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Little Hearts planning expansion of not-so-random kindness campaign

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Founder and director of LHO Tony Geeraerts works in close collaboration with the Vihear Suor Tbong village authorities to facilitate the distribution of food packages to the poor and vulnerable villagers most in need of help. SUPPLIED

Little Hearts planning expansion of not-so-random kindness campaign

Little Hearts Organisation (LHO) is an NGO that provides abandoned children with quality educations while also giving support to impoverished families in order to make it less likely that situations as extreme as abandonment ever occur in the first place.

The NGO kicked off its second Random Acts of Kindness campaign in Vihear Suor Tbong village of Kandal province on September 25.

LHO was founded by two brothers – Tony and Jimmy Geeraerts – after they toured Southeast-Asia on dirt bikes and found themselves especially impressed with Cambodia’s people and its culture, while also being especially distressed by the level of poverty they were seeing.

“Travelling through the Cambodian countryside, we saw a great deal of poverty and families living in rudimentary conditions. We saw how these harsh conditions forced many adults to migrate to bigger towns and cities for work, but this also meant that they would be forced to leave their children behind, usually with older relatives.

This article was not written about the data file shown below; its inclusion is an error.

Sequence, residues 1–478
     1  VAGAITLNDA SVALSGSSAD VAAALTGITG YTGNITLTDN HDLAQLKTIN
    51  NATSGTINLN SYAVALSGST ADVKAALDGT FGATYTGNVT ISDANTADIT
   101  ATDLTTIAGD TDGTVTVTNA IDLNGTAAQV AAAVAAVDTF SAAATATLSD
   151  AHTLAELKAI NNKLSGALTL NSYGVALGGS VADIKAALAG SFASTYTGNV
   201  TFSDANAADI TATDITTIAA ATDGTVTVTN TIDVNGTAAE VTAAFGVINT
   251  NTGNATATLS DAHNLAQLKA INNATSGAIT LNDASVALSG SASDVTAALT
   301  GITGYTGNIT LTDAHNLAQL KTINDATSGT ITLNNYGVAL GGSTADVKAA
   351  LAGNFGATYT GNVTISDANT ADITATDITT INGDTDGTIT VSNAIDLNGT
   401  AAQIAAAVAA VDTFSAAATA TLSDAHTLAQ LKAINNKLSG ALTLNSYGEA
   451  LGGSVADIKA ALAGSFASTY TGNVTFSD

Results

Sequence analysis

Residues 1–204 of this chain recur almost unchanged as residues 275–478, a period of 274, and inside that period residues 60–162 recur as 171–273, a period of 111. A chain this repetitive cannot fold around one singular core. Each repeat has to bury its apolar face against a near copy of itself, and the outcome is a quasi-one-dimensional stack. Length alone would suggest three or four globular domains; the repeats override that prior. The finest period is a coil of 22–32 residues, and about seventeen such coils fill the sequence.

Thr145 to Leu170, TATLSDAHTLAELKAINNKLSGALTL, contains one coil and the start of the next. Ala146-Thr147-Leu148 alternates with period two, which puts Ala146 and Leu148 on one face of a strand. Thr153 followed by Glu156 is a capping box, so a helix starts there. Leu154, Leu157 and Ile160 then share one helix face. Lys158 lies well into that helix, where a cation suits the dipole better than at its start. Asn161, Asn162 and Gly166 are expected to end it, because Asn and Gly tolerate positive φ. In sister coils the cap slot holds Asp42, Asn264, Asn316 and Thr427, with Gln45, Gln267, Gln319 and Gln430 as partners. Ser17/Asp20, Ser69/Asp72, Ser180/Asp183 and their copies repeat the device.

“But there were some children who were completely abandoned and were in desperate need of help. We never forgot that experience, so after a couple of return trips we decided to start Little Hearts Organisation – beginning in 2009 – to rescue abandoned children from the streets of Cambodia,” Tony says.

The Geeraerts brothers were joined by friends Dimitri Segers and Jo Offeciers and they set LHO up in an unused school building on the outskirts of Phnom Penh.

Later on, the government sold the building and LHO purchased a plot of land in a village just outside the capital and built a brand new facility, which opened in 2013 and still serves as their headquarters today and Tony Geeraerts then left Belgium and moved to Phnom Penh full time in order to run LHO directly.

Children who arrive at LHO are given a safe and secure home there after a thorough investigation into their background is conducted in close cooperation with the Belgian organisation Child Focus – a non-profit that manages the European Center for Missing and Sexually Exploited Children – and the Cambodian authorities.

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LHO along with key partners Top Recruitment at the Vihear Suor school. SUPPLIED